The main body 4 includes a shaft 10. The shaft 10 is an elongate member having a hollow interior. In one embodiment, the shaft 10 is approximately 30 centimeters long and has a cross-sectional diameter of approximately 4 millimeters. Extending through the shaft 10 is a suction/insufflation tube 17 having a plurality of holes 17 a formed in its distal end (see FIGS. 4A and 4B).

Referring particularly to FIG. 3B, electrode leads 18 a and 18 b extend through the shaft 10 from the distal end 20 to the proximal end 22 of the shaft 10. At the distal end 20 of the shaft 10, each of the leads 18 a, 18 b is coupled to a respective one of the electrodes 14. At the proximal end 22 of the shaft 10, the leads 18 a, 18 b are electrically connected to the RF generator 16 by an electrical connector 21. During use, the leads 18 a, 18 b carry RF energy from the RF generator 16 to the electrodes 14. Each of the leads 18 a, 18 b is insulated, and the leads 18 a and 18 b can be connected to opposite terminals of the RF generator 16. When opposite polarity is applied to alternating electrodes or groups of electrodes, an electrode pair (i.e., one positively charged and one negatively charged electrode or group of electrodes) can be referred to as a bipolar electrode. Any references herein to a bipolar electrode refer to such an electrode pair.

Referring to FIGS. 4A-C, the RF applicator head 2 can be shaped to approximate the shape of the region to be ablated. The embodiment of the RF applicator head 2 shown in FIG. 4C has a V-shape which can fit within a corner of the uterine cavity 5 and reach into the tubal ostium 9. FIGS. 4A and 4B show the RF applicator head 2 without the electrode carrier 12, thereby revealing the structural body 100 of the RF applicator head 2. A flexible member 19 is attached to the distal end of the shaft 10 of the main body and to the distal end of the tube 17. A flexure 22 is attached to the tube 17 and to an inner surface of the flexible member 19. In the closed position shown in FIG. 4A, the flexure 22 is compressed within the space formed between the inner surface of the flexible member 19 and the tube 17, and the shape of the structural body 100 of the RF applicator head 2 is substantially cylindrical. In one embodiment, the flexure 22 and flexible member 19 are made from stainless steel, are approximately 0.012 inches thick and are substantially planar.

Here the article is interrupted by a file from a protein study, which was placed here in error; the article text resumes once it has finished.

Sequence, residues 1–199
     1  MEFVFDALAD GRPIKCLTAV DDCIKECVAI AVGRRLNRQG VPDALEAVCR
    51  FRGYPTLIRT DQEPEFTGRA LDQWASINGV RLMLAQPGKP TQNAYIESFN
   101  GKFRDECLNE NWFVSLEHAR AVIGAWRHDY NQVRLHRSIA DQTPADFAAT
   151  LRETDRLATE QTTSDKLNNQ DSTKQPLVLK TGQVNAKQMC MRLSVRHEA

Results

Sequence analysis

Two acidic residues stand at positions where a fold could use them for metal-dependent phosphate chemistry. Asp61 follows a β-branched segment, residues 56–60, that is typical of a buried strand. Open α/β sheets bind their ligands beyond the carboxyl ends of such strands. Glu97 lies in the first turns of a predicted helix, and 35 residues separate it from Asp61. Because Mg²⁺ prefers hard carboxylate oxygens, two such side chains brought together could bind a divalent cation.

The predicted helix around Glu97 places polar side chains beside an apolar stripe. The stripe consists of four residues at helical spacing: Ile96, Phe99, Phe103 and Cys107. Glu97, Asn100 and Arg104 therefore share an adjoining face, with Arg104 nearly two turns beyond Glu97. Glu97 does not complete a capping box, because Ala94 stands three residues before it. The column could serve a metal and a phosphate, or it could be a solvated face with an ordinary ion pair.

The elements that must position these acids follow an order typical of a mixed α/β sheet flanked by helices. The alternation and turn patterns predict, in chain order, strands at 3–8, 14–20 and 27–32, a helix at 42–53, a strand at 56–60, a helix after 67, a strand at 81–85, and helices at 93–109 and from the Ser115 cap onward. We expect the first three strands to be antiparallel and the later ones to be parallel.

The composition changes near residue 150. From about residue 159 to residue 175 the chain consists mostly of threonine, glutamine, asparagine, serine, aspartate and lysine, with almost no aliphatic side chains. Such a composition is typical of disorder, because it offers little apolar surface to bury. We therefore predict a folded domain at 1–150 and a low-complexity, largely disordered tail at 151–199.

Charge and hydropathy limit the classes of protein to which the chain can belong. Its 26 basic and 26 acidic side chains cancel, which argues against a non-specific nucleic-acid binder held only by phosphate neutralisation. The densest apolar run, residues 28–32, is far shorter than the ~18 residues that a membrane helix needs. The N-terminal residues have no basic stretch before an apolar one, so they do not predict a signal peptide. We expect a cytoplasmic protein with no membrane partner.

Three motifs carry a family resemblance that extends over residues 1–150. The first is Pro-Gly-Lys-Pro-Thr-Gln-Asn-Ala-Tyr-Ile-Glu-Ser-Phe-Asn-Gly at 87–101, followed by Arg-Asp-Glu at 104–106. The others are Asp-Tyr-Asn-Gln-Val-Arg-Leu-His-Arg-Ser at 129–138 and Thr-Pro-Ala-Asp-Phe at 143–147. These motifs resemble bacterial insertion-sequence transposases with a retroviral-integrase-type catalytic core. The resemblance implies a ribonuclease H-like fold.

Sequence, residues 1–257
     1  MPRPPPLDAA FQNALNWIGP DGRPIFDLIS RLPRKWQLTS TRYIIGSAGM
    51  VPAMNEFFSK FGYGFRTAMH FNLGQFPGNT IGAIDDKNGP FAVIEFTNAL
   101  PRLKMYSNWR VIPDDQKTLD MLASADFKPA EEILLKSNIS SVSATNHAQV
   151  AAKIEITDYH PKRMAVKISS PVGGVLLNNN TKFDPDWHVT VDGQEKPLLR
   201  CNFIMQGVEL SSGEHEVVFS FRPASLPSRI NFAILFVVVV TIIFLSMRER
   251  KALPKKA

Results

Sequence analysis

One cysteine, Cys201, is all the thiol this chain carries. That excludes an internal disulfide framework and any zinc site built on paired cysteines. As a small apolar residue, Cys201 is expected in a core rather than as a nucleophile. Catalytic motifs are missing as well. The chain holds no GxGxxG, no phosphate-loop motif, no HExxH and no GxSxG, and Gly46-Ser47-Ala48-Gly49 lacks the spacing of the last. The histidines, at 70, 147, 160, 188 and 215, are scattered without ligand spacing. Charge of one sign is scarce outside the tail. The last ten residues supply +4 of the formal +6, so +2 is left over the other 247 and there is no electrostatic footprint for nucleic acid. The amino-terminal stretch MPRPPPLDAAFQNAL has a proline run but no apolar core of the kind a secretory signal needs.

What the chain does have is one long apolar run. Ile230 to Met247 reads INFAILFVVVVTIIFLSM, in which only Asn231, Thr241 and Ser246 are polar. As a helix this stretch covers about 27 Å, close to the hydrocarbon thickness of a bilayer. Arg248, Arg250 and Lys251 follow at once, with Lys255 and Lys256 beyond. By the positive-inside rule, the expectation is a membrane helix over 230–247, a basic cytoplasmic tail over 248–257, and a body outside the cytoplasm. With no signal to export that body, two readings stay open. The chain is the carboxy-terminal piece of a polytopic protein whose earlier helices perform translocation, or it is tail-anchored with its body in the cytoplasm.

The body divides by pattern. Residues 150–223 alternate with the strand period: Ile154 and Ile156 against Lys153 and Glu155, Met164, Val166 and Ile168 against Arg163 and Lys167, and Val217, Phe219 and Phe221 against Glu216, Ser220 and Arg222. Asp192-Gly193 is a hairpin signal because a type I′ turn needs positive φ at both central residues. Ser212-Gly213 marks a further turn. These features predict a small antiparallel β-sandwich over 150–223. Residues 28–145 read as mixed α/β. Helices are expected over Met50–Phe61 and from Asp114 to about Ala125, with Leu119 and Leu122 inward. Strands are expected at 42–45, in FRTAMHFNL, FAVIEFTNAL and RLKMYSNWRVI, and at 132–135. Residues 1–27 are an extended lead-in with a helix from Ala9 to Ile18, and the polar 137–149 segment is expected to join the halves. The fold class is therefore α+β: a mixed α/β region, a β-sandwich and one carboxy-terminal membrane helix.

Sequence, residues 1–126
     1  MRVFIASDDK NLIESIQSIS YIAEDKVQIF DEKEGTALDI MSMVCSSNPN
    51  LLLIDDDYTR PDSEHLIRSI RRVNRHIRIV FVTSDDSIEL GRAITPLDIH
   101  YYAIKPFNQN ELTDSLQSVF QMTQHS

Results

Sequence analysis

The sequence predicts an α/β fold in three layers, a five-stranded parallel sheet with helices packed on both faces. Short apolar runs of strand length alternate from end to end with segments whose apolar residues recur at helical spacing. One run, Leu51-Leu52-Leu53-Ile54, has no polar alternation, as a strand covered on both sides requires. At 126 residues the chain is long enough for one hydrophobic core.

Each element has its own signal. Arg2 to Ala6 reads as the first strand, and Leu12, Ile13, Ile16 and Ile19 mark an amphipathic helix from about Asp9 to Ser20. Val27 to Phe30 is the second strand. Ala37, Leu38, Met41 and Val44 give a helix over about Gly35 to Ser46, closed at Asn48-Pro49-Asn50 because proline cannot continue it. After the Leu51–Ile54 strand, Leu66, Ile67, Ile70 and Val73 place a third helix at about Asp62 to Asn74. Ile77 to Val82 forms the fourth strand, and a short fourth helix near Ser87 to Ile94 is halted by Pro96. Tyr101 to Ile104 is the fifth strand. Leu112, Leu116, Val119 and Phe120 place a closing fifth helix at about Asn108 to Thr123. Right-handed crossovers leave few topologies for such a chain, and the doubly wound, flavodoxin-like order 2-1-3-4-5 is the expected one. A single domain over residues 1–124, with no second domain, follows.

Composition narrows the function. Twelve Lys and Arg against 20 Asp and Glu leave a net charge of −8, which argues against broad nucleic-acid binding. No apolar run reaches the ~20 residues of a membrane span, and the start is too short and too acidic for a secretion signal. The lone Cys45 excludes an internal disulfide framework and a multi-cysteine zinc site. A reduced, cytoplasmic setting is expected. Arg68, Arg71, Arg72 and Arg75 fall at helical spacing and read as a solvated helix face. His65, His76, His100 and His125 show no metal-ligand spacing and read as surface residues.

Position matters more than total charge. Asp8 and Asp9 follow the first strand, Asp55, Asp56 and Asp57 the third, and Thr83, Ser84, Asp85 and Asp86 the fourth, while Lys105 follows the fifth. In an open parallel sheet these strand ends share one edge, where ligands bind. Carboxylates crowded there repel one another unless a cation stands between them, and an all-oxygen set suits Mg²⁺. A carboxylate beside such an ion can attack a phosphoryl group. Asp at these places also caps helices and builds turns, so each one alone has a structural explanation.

The RF applicator head 2 can be deployed into the open position shown in FIG. 4B by moving the tube 17 relative to the shaft 10. In one embodiment, the shaft 10 is pulled toward the proximal end of the shaft, i.e., away from the RF applicator head 2. Movement of the shaft 10, which is connected to the flexible member 19, causes the flexible member 19 to also move in the same direction, causing the flexure 22 to move laterally away from the tube 17. As shown in FIG. 4B, flexible member 19 is deformed outwardly, away from the tube 17, creating the V-shape at the distal end of the RF applicator head 2. The shape of the distal end differs depending on how much the shaft 10 and tube 17 are moved relative to one another.

In an alternative embodiment, the tube 17 can be pushed toward the proximal end of the flexible member 19, i.e., toward the RF applicator head 2, thereby moving the tube 17 relative to the shaft 10. The relative movement has the same effect as described above, that is, the flexible member 19 is deformed outwardly, creating a V-shape at the distal end.

FIG. 4C shows the distal end of the RF applicator head 2 with the electrode carrier 12 over the structural body. The electrode carrier 12 can be formed of a fabric that is stretched over the structural body; the fabric is metallized in the regions forming the electrodes 14. The electrodes 14 are conductive and can alternate between positive and negative polarity (an electrode pair being a “bipolar electrode” as described above). In the embodiment depicted, there are four electrodes 14 (or 2 bipolar electrodes), two on either face of the electrode carrier 12. A non-conductive insulator 23 divides the electrode carrier 12 into the bipolar electrodes 14.

In one embodiment, the fabric is formed from a composite yarn with a thermoplastic elastomer (TPE) core and multiple polyfilament nylon bundles wound around the TPE as a cover. The nylon bundles are plated with thin conductive metal layers. Preferably, the nylon is metallized, but not the TPE core. This construction facilitates stretching; the nylon windings open up their coils as the TPE core is elongated, without cracking the metallic layer. The TPE core facilitates recovery from the stretched position, pulling the nylon coils back into their initial configuration.